Since we've been looking at Treasury yields and stock-market performance, I'd like to show you an interesting chart that that exists at the nexus of these 2 subjects. On this chart the blue line is the yield curve, in this case defined as the difference between the 10-Yr Treasury yield (TNX) and the Effective Fed Funds Rate (FFR). As of Friday, the blue line was at 3.526%, which, as you can see, is a very high level.

That means that the TNX is much higher than the FFR. Consequently, there is great incentive for banks to borrow short term and lend long term, as profit margins for doing so are high. This high level of incentive for lending tends to be stimulative to the economy.

The pink line on the chart is the forward 2 ½-yr annualized price appreciation of the SPX. When the pink line is low, that means that over the ensuing 2 ½ years the SPX price did not appreciate much (or may have declined). And when the pink line is high, the SPX rallied strongly over the ensuing 2 ½ years.

I've put yellow bubbles around the major trough areas of the pink and blue lines. And I've put green bubbles around major peaks on those lines. And, as you can see, there are pretty good correlations between the troughs on the two lines, and between the peaks on the two lines.. (Not perfect, but pretty good.)

What does this chart mean? Well, to my eye, it suggests something that we basically assume to be the case, which is that when the yield curve is steep, the stock market tends to perform well over the next couple of years, and that when the yield curve is either shallow or inverted (below 0%, which means that the FFR is higher than the TNX), the stock market tends to perform either much less well or much more poorly.

And the specific application to the present? Well, the inversion of the yield curve (blue line below 0%) that took place between June '06 and Jan. '08 had the effect that it "should" have had, which was to push the pink line down into an important cyclical low. And now that that cyclical low has begun forming in the stock market, the extremely steep yield curve (high blue line) suggests that over the next 2-3 years, the stock market has an opportunity to show extremely strong price appreciation.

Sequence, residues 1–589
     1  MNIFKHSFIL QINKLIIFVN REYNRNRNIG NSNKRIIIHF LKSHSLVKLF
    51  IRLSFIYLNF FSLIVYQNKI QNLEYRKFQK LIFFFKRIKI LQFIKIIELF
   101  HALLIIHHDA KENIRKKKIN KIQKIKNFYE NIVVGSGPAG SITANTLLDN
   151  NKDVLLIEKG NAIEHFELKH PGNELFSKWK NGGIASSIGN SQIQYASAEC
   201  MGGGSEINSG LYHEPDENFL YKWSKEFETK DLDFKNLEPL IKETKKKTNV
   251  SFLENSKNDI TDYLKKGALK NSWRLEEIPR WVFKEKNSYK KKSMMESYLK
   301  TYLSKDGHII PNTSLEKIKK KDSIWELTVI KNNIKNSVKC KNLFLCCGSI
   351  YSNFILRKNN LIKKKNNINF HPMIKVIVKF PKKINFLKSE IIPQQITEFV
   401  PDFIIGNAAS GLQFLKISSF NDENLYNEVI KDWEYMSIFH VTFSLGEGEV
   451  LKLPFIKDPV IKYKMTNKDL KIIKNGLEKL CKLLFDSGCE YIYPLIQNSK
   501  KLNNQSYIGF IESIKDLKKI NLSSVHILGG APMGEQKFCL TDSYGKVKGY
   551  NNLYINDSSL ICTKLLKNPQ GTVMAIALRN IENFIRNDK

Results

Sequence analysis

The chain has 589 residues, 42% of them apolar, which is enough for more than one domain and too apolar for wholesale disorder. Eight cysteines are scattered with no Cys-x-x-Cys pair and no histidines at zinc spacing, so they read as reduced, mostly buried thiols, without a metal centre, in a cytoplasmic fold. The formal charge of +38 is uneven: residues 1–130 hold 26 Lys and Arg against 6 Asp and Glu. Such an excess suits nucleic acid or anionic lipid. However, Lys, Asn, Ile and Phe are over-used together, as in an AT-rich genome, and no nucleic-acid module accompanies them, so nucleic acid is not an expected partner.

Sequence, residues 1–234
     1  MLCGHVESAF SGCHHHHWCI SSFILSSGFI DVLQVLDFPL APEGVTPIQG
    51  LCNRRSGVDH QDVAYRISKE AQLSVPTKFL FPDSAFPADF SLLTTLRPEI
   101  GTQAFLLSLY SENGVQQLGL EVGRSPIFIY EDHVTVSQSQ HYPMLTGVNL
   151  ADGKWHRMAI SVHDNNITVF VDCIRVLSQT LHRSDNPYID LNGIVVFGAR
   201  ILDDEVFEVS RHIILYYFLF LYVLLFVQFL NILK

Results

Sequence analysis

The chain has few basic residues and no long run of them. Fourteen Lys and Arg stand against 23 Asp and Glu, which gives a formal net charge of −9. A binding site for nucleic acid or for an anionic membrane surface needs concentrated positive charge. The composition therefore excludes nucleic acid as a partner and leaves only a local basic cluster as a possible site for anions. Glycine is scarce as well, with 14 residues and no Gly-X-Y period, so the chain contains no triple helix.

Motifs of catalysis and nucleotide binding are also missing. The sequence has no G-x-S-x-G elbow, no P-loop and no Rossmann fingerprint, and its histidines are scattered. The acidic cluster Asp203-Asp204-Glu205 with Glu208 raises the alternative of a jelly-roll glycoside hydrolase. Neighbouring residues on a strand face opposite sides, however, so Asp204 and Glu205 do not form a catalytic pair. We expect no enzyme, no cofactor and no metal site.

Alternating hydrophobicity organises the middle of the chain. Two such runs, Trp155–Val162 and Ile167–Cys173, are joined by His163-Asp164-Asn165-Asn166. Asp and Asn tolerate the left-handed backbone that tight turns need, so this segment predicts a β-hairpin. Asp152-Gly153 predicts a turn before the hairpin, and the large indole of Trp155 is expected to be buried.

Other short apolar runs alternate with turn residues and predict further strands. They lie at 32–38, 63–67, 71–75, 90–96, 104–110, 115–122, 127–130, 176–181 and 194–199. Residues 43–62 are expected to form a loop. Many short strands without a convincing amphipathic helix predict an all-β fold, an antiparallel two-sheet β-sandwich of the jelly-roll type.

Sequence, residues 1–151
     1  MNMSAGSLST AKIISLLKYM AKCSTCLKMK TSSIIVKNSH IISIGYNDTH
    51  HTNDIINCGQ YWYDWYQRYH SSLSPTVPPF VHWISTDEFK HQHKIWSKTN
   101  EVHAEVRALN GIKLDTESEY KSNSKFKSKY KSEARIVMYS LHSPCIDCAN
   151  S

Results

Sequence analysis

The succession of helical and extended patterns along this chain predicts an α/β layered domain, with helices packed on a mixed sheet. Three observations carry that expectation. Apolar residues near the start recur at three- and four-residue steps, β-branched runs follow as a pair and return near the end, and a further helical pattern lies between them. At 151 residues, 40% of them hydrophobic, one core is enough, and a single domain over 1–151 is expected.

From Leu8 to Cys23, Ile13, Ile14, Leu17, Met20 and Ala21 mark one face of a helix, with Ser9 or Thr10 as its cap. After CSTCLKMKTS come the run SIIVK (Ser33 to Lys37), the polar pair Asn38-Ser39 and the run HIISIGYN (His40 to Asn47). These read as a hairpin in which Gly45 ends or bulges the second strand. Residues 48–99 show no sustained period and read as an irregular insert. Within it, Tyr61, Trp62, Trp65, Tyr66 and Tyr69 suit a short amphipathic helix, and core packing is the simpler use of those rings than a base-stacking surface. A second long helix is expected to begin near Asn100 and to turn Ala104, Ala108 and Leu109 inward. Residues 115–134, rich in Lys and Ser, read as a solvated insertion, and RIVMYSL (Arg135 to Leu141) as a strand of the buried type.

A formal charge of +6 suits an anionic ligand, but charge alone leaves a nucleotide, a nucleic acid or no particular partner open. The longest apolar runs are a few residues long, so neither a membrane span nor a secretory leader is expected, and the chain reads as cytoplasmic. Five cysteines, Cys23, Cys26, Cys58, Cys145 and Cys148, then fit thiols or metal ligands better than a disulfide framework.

The stage is set for a cyclical bull market.

But what has to happen in order for the very steep yield curve to actually have a salutary effect on the economy? The very steep yield curve has to function as sufficient incentive for banks to actually borrow short term at low rates and lend longer term at higher rates.

The fly in the ointment right now, as I see it, is that the commercial real-estate market is suffering an accelerating set of problems (as I've mentioned briefly in our daily work when discussing CIT's flirtation with bankruptcy). And if these problems continue to be exacerbated (as they very likely will be), that will pose a whole new set of problems and stresses for the Financial sector.

Our last chart plots Moody's Real Commercial Property Price Index (black line) along with the index's Y/Y change (pink area) and its M/M change (red bars).

The latest data (May) records a decline of -8.6% M/M in price. The Y/Y change is about -25%. And, there's nothing in the data right now to suggest that the 2nd derivative (rate of change of the rate of change) is decelerating.

The mortgages on these properties have been securitized and sold, just as was done with residential mortgages. And these securitized mortgages (bonds) sit on the balance sheets of (mainly Financial) companies. The precipitous declines in commercial real-estate prices, then, will be translated, with leverage, onto the balance sheets of these companies. Those real-estate price declines generate additional capital requirements for the companies that hold these bonds, since the bond prices will decline along with the prices of the underlying real-estate assets.

Declining commercial real-estate prices leave the door wide open to an "echo credit bust." One that could force the economy to suffer a "double dip" recession as a function of a freezing up of lending.

So, curiously, we have the stage set for 2 distinct outcomes, in differing time frames. Clearly, monetary and fiscal stimuli are working at "full-tilt boogey" to reflate the economy and the stock market. But, just as clearly, the potential exists for another problematic episode in the ongoing saga of the credit market's woes.

In a time frame of 2-3 years from now, the odds favor that the economy and the stock market's being in significantly better shape than they are now. But, in the nearer term, say, between now and October, risks remain acute of there being another nasty chapter in the recovery story.

Best regards and good trading!